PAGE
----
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3 in 4 of all new products in Asia-Pacific are flopping. What can we do about it?


According to a recent study, most companies in Asia-Pacific are failing to successfully position their new products in the market. This is particularly interesting seeing as many Aussie businesses looking to grow beyond the borders see Asia as their next market rather than the US or the EU.

The Global Pricing Study 2014 conducted by the strategy consultancy firm Simon-Kucher & Partners in collaboration with the Professional Pricing Society (PPS) surveyed approximately 1,600 managers from more than 40 countries across Asia-Pacific, the Americas and Europe.

This study has revealed that companies in Asia-Pacific are failing more and more to achieve the prices they aim for with only a quarter of planned price increases actually getting enforced in the regional markets – less than elsewhere.

Furthermore, the study found that almost three quarters (74 per cent) of all new products in the region miss their profit targets. A quarter of the respondents even admitted that not a single one of their new products fulfilled the profit targets.

Go ahead, ring the alarm bells!

Why are so many new products in Asia-Pacific flopping?

The experts over at Simon-Kucher believe this is because companies have done a poor job of integrating customer value and pricing policies into the innovation process.

“Most companies deal with product pricing and marketing when it’s already too late – often only right before the launch,” explains Christoph Petzoldt, Managing Director of Simon-Kucher’s office in Sydney and responsible for the Oceania region.

And the consequences of this poor approach are devastating: despite the economic recovery and attempted price increases, over a third of the respondents (36 per cent) were unable to improve their margins in the last few years.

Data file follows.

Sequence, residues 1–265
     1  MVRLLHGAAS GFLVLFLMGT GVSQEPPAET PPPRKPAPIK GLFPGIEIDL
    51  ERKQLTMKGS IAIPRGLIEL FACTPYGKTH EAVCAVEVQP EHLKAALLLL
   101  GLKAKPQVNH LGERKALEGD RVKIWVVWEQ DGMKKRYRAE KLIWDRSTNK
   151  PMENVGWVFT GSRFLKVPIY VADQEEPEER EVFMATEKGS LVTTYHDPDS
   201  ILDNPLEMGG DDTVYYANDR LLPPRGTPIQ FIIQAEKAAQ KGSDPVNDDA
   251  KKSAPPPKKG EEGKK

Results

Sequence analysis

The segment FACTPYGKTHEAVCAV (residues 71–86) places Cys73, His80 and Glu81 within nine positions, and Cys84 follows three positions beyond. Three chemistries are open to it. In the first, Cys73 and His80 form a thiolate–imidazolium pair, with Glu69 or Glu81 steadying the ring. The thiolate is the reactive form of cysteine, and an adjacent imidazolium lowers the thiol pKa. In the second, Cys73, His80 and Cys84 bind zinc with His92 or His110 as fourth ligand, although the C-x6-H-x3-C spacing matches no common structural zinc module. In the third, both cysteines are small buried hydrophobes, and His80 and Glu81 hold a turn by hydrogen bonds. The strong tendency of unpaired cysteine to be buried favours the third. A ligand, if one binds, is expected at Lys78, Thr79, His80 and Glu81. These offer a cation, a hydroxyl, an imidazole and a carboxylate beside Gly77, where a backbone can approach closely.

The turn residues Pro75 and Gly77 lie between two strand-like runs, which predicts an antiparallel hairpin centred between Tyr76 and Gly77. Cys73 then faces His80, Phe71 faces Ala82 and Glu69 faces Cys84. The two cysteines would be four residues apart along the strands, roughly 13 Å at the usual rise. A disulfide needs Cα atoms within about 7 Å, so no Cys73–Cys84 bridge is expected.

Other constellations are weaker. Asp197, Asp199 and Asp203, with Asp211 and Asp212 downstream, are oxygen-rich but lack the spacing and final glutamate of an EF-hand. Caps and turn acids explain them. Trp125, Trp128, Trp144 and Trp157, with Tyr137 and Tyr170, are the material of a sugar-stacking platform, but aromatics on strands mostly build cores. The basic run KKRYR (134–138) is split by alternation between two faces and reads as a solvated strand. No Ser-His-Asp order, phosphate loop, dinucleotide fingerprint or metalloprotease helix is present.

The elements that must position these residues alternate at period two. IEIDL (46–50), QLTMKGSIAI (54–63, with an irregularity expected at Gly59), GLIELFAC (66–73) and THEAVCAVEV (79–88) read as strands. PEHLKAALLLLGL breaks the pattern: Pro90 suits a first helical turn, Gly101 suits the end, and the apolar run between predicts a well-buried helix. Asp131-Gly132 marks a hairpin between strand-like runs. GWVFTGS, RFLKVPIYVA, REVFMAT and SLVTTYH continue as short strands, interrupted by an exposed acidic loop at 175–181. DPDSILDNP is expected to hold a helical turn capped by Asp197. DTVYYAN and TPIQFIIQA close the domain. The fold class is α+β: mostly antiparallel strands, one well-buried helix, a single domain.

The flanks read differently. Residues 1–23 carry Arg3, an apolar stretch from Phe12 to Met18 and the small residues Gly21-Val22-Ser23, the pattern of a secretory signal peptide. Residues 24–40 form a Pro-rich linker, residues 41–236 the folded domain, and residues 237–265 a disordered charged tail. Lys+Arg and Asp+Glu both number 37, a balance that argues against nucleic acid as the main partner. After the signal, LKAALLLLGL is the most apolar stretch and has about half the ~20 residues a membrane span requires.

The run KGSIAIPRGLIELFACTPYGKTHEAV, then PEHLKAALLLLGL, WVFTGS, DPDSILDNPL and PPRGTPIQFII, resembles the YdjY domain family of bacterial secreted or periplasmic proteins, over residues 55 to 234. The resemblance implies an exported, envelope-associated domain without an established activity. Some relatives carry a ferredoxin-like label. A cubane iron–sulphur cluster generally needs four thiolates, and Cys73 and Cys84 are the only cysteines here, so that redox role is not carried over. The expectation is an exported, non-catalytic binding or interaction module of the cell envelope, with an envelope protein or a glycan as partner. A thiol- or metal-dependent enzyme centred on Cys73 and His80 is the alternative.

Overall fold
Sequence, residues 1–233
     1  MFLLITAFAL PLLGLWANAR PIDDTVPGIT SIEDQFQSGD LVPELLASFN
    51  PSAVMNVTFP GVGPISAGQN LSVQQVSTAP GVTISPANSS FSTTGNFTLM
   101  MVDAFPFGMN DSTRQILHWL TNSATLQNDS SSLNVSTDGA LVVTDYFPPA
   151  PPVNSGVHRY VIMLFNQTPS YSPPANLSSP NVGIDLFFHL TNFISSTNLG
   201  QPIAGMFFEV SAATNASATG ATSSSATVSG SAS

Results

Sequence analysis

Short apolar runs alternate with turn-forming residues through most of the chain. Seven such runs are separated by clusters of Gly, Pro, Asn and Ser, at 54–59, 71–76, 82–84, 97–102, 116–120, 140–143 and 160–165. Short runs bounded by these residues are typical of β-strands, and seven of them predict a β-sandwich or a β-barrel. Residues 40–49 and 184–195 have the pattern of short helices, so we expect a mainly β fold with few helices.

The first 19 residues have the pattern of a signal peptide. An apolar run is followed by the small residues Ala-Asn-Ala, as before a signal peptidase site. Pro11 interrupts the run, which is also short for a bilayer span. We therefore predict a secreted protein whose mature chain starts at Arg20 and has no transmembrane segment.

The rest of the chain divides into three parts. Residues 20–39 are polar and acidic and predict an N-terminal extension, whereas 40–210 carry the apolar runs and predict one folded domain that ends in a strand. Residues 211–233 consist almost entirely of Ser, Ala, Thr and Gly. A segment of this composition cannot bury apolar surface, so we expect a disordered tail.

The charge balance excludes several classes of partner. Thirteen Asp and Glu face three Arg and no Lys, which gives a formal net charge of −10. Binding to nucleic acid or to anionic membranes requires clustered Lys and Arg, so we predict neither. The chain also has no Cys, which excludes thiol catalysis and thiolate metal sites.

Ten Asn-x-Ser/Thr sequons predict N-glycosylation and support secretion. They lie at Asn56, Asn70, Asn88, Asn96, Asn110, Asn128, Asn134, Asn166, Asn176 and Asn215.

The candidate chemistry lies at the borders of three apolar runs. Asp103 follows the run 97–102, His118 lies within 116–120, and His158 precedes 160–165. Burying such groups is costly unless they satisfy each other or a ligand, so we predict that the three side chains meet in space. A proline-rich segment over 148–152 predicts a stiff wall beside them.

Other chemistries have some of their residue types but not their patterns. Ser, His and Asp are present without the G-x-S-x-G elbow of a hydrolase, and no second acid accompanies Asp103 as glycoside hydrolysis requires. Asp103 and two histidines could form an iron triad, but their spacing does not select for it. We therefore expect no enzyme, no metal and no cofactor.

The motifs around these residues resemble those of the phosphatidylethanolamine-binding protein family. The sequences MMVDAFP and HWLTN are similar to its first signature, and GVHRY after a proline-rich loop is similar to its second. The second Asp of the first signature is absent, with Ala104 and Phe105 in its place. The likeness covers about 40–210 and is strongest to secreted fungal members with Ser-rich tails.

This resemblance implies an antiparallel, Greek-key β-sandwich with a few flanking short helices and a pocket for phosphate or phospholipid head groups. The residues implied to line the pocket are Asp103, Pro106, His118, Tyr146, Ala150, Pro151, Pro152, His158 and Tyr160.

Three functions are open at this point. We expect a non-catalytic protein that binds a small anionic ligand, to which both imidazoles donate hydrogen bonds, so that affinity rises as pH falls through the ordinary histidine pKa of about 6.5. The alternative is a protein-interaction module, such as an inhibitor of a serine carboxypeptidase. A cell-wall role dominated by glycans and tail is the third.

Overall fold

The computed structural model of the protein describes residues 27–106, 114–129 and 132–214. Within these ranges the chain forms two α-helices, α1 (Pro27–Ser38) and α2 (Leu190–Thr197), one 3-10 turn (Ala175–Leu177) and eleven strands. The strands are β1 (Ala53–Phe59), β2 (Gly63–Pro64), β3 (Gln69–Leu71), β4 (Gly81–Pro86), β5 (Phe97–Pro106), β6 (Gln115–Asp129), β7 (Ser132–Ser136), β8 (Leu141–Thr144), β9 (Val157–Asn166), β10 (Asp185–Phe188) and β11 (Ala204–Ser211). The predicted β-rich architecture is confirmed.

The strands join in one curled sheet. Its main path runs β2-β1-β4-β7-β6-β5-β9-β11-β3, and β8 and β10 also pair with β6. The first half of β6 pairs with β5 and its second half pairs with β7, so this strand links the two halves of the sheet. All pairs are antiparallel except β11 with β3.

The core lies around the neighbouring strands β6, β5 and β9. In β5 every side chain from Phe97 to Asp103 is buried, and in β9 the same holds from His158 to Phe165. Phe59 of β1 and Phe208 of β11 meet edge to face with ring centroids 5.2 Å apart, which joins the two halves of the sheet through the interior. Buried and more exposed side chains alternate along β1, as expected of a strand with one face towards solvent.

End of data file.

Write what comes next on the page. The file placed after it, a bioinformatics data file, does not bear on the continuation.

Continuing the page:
The long-term profitability of companies in Asia-Pacific is at serious risk here. “Before you know it, the profits necessary to finance innovations will be gone. And it’s precisely these innovations that companies need to compete sustainably in the market,” Petzoldt warns.

However, some companies are actually excelling

It is worth noting that in the study, one group of the respondents rose above the others.

This group, the “Best”, consisting about 10 per cent of all the respondents, meet their price targets for new products and continue to do so in the long term, despite price and competitive pressure. Reminds me of my straight A’s neighbour back in high school…

Asia-Pacific’s “Best” have a 57 per cent higher share of innovative products in their portfolio, their share of new products that meet profit targets is 62 per cent higher than for the “Rest” and are 62 per cent more successful at enforcing price increases than the “Rest”.

So what are the “Best” doing differently?

“The ‘Best’ thoroughly understand the value their new products offer and are therefore able to achieve the planned profits. That’s what separates them from the ‘Rest,’” says Petzoldt.

The overall study results show that the “Best” work with a powerful mix of measures: innovation, value and price management are C-level objectives at these companies.

Furthermore, they completely integrate marketing and pricing into innovation processes already right from the product inception to the market launch. They work with professional methods and customised software to measure value and set prices.

“The ‘Best’ leave nothing to chance,” Petzoldt explains. “If you know the true value of your product, you can set the right price. Besides, it’s essential that companies are able to make tough decisions when necessary – from the beginning to the end of the innovation process.”

This also means having the courage to kill new products if it becomes clear that they won’t meet their profit targets, and this is something everyone ought to take to heart.